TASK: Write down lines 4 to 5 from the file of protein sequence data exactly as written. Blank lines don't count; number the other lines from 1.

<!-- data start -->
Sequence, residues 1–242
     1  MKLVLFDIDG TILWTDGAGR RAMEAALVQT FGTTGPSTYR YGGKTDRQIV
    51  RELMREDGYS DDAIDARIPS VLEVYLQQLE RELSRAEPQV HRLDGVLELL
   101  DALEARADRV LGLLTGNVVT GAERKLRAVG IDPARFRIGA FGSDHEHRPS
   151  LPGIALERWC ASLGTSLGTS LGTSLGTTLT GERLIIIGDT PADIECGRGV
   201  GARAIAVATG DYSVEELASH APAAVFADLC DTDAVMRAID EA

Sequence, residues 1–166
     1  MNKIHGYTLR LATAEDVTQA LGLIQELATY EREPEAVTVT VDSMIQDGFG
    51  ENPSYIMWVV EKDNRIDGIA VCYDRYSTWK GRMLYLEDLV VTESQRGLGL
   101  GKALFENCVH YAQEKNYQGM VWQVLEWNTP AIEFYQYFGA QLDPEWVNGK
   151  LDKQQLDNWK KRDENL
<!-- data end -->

   101  DALEARADRV LGLLTGNVVT GAERKLRAVG IDPARFRIGA FGSDHEHRPS
   151  LPGIALERWC ASLGTSLGTS LGTSLGTTLT GERLIIIGDT PADIECGRGV